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What’s the Most Dangerous Room in the House?

By on Jan 28, 2018 in CANCER, LIFE STYLE DESIGN |

By: Emilie Sennebogen

Nobody ever expects a home accident to happen, but a slip down the stairs or a kitchen grease fire can happen in the blink of an eye — even with careful homeowners. In England alone in 2007, nearly 2.7 million people were injured in a home accident [source: RoSPA]. In the United States, injury is the leading cause of death among children and young adults and nearly half of these accidents occur in the home, according to the National Safety Council. That same group states that in 2002, there were more than 33,000 deaths and 8,000,000 disabling injuries that occurred in the home [source: NSC]. That makes one death every 16 minutes and one disabling home injury every four seconds. When it comes to injury and death in home accidents, the leading culprits are falls, toxins and suffocation by ingested object or smoke inhalation. Poisoning is the No. 1 cause of death and claimed the lives of 12,500 in 2002 alone in the United States [source: NSC].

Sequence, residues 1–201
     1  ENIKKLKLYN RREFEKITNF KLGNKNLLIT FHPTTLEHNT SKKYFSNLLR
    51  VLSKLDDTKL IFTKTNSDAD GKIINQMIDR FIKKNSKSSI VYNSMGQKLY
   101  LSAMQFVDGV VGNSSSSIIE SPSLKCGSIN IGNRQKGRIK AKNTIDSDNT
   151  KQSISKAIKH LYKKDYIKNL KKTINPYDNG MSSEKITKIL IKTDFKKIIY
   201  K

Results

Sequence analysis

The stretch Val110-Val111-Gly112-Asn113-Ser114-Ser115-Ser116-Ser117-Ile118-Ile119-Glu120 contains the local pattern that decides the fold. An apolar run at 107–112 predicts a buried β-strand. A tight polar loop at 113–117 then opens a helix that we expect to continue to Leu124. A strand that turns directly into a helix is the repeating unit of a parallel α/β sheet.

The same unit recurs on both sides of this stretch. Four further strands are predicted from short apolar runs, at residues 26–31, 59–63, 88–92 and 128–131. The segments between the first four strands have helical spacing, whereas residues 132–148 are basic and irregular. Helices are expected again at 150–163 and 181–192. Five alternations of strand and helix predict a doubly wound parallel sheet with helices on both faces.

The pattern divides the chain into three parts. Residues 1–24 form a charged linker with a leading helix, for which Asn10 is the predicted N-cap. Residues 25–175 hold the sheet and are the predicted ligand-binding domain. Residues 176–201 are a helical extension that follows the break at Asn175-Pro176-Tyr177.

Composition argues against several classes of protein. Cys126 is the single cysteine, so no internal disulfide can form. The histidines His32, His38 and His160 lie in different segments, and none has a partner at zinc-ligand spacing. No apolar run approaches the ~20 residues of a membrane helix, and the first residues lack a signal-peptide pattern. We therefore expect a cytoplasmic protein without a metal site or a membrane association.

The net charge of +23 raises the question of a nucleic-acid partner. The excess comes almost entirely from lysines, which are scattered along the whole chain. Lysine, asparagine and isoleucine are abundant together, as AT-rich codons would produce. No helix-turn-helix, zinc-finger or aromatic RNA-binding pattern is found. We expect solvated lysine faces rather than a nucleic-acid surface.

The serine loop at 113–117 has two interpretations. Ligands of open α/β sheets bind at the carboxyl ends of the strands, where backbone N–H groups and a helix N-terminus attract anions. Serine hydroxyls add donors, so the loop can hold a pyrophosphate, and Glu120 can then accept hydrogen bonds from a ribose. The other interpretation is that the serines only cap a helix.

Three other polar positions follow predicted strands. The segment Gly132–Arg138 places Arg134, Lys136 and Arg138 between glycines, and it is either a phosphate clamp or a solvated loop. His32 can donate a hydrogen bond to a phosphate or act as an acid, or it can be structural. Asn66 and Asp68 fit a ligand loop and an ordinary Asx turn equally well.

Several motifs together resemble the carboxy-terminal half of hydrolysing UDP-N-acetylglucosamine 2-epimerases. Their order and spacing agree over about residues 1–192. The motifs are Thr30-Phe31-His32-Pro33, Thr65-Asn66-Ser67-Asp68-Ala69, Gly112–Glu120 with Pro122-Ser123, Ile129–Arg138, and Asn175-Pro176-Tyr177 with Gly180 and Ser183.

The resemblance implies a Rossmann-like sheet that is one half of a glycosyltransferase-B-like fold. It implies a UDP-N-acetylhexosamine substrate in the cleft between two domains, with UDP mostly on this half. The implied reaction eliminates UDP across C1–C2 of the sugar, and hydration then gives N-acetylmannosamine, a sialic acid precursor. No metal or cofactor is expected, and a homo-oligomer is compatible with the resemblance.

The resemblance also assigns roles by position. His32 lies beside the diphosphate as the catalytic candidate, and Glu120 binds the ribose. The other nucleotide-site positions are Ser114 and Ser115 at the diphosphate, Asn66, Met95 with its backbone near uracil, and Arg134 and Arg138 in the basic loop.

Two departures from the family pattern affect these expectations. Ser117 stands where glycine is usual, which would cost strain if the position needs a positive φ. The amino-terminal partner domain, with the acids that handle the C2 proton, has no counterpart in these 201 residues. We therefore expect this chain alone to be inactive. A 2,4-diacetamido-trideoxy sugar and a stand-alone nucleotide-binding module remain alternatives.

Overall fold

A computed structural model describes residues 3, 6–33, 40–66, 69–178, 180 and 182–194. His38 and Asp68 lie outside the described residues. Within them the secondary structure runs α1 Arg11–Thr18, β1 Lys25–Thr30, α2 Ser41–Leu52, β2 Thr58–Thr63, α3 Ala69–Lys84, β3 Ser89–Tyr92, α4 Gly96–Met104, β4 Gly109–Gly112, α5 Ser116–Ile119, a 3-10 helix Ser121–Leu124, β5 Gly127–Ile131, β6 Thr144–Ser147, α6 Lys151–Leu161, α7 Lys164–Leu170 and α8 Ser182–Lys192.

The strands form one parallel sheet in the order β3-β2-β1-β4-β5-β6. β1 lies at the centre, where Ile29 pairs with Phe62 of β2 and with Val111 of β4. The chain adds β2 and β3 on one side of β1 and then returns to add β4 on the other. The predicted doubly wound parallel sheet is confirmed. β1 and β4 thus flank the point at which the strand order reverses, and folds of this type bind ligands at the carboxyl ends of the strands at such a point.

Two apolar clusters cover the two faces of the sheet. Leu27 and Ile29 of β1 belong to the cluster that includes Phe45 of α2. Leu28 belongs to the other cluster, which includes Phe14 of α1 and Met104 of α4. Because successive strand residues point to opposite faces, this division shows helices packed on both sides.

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Dr. Wegmann

Dr. Michael Wegmann’s Thoughts:

The kitchen is one of the most dangerous places in your home. Thus, home accident prevention should start here! Your cabinets may house dangerous chemicals and cleaning agents, and your drawers hold knives and other sharp objects. This is a good opportunity to begin looking into “green” products that reduce the likelihood of accidental ingestion. Purchasing locks or other security items for your cabinets will go a long way toward keeping your children safe.

Stove safety is important as well. Always turn pot handles inward when you’re cooking, to avoid your child pulling a hot pot of food on top of them. And, never leave your child unattended in the kitchen. It only takes a moment for a child to climb up onto a stove. Toddlers are notorious for experimenting with knobs and handles and are very prone to turning on the stove as soon as they can reach the knobs.

Kitchen step stools should be kept out of your child’s reach, too. They are handy for helping you reach things, but they are just as handy in helping your toddler get into things that can be dangerous. Latching the lower drawers helps prevent a toddler from opening the drawers and using it as a step stool.